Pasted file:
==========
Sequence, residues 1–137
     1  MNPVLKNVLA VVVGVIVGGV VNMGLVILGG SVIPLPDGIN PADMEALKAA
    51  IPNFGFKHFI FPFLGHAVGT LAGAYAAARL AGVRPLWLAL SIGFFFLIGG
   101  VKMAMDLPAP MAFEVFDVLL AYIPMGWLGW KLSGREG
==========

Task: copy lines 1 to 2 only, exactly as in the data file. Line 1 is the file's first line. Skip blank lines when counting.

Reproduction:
Sequence, residues 1–137
     1  MNPVLKNVLA VVVGVIVGGV VNMGLVILGG SVIPLPDGIN PADMEALKAA